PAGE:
MixedThe Washington Post... often brilliant and sometimes frustrating ... Harvey conveys the hell of insomnia with the precision and passion of one who has come to know it too well ... When The Shapeless Unease remains focused on its subject, it engages and grips. Harvey complains about the futility of describing the feeling of insomnia, but she does as good a job as you would expect a gifted novelist to at relaying the brain fog, the mind turning in on itself ... so much of the book contains writing that seems to be there purely for its own pleasure. Harvey fills pages with rants about British jingoism, presumably representative of the flailings of the nocturnal mind, but sounding like an op-ed columnist making bricks without straw. She includes a story she wrote during her period of insomnia, about a man who steals vast sums of money from ATMs, which takes up around one-sixth of the book but seems untethered to the subject ... There’s no question that these are all beautifully done — particularly a half-page portrait of Harvey’s deceased cousin — but the creaks are audible as she tries to link them back to her topic...More frustrating still is when she gives us tantalizing glimpses of other material which surely must be relevant to the state of mind feeding her insomnia ... there is nothing on the science of insomnia, nor its cultural history. Harvey does gesture outward a few pages before the end, with discussion of Shakespeare’s references to sleep. But, like finally falling into peaceable slumber at 6 a.m., it’s just too late.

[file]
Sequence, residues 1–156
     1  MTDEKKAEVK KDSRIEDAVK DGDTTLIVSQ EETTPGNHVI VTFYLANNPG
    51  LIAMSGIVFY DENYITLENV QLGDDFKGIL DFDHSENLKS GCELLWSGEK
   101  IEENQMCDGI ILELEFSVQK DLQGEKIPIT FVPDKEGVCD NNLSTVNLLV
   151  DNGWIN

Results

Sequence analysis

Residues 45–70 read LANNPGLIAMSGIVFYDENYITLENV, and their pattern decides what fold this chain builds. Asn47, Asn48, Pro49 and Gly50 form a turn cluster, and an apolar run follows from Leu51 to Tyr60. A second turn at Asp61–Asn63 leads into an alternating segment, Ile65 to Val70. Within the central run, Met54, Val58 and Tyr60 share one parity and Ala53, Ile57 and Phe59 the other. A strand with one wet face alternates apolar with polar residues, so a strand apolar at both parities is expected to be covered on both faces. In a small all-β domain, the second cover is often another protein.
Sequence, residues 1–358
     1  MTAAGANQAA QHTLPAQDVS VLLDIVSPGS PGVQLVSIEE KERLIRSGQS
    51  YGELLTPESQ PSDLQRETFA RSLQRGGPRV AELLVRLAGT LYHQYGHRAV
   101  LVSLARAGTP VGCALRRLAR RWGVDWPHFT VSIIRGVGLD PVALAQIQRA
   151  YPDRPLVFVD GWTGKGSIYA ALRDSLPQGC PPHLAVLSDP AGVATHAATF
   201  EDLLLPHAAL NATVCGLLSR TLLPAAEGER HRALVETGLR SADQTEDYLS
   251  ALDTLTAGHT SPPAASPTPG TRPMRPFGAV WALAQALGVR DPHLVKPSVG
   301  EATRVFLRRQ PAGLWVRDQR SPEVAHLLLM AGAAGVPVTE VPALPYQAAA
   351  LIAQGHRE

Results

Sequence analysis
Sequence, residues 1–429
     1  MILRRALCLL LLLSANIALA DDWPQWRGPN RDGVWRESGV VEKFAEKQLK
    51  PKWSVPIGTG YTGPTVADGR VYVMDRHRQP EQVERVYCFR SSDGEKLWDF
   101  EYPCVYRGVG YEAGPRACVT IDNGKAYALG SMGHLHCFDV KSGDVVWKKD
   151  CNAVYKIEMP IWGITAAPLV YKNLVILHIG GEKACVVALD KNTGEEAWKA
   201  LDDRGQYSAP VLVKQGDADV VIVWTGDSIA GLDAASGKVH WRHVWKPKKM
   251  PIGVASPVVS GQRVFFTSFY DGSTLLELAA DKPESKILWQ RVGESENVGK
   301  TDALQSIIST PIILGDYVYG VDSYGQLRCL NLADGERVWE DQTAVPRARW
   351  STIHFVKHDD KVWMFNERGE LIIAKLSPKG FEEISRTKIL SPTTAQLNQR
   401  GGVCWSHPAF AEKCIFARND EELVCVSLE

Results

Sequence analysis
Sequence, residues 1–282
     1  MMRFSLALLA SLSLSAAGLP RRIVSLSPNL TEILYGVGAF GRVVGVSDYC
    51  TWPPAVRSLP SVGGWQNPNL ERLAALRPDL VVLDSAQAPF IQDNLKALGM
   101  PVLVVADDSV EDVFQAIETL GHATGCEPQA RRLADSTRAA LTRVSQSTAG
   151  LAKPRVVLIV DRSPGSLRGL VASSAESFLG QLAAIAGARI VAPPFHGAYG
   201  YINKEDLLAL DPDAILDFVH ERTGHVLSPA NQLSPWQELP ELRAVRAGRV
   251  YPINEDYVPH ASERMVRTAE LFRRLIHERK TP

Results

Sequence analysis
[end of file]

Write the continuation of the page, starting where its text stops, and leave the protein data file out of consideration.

PositiveThe Irish Times (IRE)I don’t know if [O\'Connell\'s] books are therapeutic ways of working out his anxieties, or if they drive them deeper as he researches more about his topics, but either way, I don’t want him to stop. They’re fun but filling ... for all the air miles (and, he acknowledges, carbon emissions) he racks up travelling to these places, O’Connell’s most fruitful journeys are those inside his own head. He tends not to challenge his \'weirdos\', to call them out on their selfishness or racism, but lets them speak and then adds his commentary in, as it were, the voice-over studio afterwards. Maybe this is the best approach, but it would be nice to hear them in defensive as well as declamatory mode ... At its glummest, the book is less inquiry into the apocalypse than a submission to it ... O’Connell shows the same nimble ability to shift between high and low registers – and the same pinpoint accuracy with a well-timed joke – as Geoff Dyer or, in his pomp, Martin Amis. The good news for those terrified by his last book is that it doesn’t look as if the future is going to happen anyway. But if we are all heading down the long slide, at least with O’Connell to keep us company, we’ll be laughing – and screaming – all the way.